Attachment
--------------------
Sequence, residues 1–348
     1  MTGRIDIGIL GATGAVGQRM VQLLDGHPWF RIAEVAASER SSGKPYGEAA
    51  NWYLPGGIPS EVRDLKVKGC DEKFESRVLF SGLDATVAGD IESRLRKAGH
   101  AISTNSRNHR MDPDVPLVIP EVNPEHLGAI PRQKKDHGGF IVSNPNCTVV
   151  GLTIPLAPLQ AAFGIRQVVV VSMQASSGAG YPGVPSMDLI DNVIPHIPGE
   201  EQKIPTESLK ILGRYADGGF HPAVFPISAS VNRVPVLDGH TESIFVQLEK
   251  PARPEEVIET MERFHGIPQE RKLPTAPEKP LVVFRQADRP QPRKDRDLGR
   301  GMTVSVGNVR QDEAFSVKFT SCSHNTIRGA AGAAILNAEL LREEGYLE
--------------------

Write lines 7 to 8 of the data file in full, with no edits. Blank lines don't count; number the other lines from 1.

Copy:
   251  PARPEEVIET MERFHGIPQE RKLPTAPEKP LVVFRQADRP QPRKDRDLGR
   301  GMTVSVGNVR QDEAFSVKFT SCSHNTIRGA AGAAILNAEL LREEGYLE